“Responsibility without control.”
It’s the textbook definition of stress. And for the human beings who build, maintain, and operate microservices at scale and in production, it is relentless and often overwhelming. The stress takes on many forms — if you work with microservices, you’ve surely heard it firsthand:
- “Don’t deploy on Fridays”
- “I’m too busy to update the runbook”
- “Where’s Chris?! I’m dealing with a P0 and they’re the only one who knows how to debug this.”
- “We have too many dashboards”
- “What’s an SLO?”
- “I don’t know what this graph means but it looks like it might be correlated”
So why is it so rough out there? And how did it get this way?
There are two ways systems scale. They can scale wide, or they can scale deep.
Countless real-world systems scale wide: Lakes scale wide. Pizzas scale wide. Traffic jams scale wide. And in software, MapReduces and memcache pools scale wide. When things scale wide, you “just add more of them”: more water, more dough, more cars, more processes.
But some systems scale deep: Cities scale deep. Brains scale deep. And when things scale deep, they don’t just get bigger, they get different. Paris is nothing like a very large village. The brain in your pet goldfish is nothing like the brain in your head.
And when microservice architectures scale, they scale deep. I first managed to deploy Dapper across all of Google’s production systems back in 2005. I found some websearch “cache miss” traces and started expanding them, all the way from the top to the bottom. From the ingress frontend that handled the query down through the depths of the serving system, there were more than 20 layers of microservices! The complexity was mesmerizing, though also somewhat terrifying; who could possibly understand a system that deep? With conventional tools at the time, the answer was simple: nobody.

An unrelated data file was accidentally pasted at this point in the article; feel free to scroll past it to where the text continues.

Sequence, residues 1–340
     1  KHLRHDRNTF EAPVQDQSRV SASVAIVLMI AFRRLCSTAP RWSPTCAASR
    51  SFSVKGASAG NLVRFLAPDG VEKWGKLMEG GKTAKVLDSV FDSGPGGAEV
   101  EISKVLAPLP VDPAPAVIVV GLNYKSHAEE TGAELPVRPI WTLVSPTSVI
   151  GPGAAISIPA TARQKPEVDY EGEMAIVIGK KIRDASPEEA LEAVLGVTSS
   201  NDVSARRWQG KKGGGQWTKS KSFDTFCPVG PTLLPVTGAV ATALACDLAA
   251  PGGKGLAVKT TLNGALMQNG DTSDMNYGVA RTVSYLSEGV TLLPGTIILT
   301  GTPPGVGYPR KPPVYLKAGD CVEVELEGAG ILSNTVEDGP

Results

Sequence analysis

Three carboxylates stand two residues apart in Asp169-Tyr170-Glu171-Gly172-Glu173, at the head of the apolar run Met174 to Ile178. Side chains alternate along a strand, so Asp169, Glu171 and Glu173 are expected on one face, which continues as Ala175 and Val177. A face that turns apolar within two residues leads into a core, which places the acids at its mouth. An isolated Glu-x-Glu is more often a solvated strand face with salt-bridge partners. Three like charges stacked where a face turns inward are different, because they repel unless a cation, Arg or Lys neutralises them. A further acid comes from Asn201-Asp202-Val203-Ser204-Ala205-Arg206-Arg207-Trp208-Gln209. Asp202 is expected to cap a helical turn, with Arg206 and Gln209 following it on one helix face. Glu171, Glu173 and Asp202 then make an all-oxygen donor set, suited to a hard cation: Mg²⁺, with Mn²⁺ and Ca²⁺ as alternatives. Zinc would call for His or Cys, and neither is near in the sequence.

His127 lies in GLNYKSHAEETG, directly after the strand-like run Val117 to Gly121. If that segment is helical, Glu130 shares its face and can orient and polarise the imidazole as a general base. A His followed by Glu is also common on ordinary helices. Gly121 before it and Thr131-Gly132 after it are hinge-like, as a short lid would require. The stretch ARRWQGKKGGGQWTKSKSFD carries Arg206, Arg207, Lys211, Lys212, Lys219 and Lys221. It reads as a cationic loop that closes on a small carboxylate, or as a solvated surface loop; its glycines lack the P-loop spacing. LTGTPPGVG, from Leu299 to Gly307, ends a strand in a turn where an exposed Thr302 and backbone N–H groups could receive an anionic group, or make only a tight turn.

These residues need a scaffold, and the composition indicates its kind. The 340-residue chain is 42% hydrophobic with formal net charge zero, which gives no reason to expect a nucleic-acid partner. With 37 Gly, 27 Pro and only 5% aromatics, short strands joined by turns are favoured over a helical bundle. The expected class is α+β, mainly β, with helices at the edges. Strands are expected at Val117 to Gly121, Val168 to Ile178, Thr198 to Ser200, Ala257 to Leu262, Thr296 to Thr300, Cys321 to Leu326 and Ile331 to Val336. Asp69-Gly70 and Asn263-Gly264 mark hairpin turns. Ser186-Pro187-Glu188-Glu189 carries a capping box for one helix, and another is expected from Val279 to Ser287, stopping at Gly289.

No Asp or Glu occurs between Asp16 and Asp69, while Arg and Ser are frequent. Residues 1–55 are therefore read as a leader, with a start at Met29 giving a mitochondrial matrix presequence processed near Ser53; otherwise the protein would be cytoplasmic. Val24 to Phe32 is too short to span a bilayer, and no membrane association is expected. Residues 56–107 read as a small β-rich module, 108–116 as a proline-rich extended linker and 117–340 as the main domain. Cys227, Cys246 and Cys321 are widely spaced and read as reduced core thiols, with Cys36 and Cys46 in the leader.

But are non-Google, non-Facebook, non-planet-scale companies dealing with deep systems, too? At LightStep we have insight into this, as our customers are somewhere along the journey towards a microservices architecture, often in conjunction with a monolith of some sort. Here’s what their systems look like (with service names blurred out for confidentiality reasons):
The pattern that emerges is clear: microservice architectures scale deep, not wide. And once there are four layers of microservices, it’s a deep system – and old-style observability starts to fall apart.
Responsibility vs. Control
As we mentioned at the outset, stress can be defined as “responsibility without control.” For the human beings who manage the individual services within a deep system, what is their scope of responsibility? And what can they actually control?
Conceptually speaking, each service sits at the top of a triangle that contains that service’s downstream dependencies, and each of those dependencies sits at the top of a smaller triangle, and so on and so forth. Of course, in practice both the depth and breadth of these triangles can be much larger – just look at the diagrams of real-world microservice architectures above.
For the human beings who maintain a service, the scope of control is really “just that service.” This is by design: the whole point of microservices is that individual teams can deploy and operate their own services, all without interference or artificial barriers involving other teams. Put another way, overlapping control was what made monoliths such a disaster for developer productivity and release velocity; hence the very narrow scope of control for microservice owners.
The scope of responsibility, however, is everything “in the triangle” beneath the given service. Service-owners are responsible for their service’s latency and error SLOs (more on SLOs in this post and this forthcoming book), but their service can only be as fast and reliable as its slowest, least-stable dependency. To make matters worse, the scope of responsibility grows geometrically relative to the depth of the dependencies triangle.
So if stress is “responsibility without control,” deep systems are a recipe for, well, lots of stress. As systems grow deeper, the scope of a service-owner’s responsibility dwarfs their scope of control.
No wonder it’s so hard out there.
Simple Observability for Deep Systems
What is observability, really? The term was introduced in the 1960s in the context of Control Theory. Conceptually, it’s simple: observability is a measure of how well one can understand the internal state of the system (i.e., “what’s actually happening in production”) given only the outputs of the system (i.e., the telemetry you gather from your system). Here’s an illustration: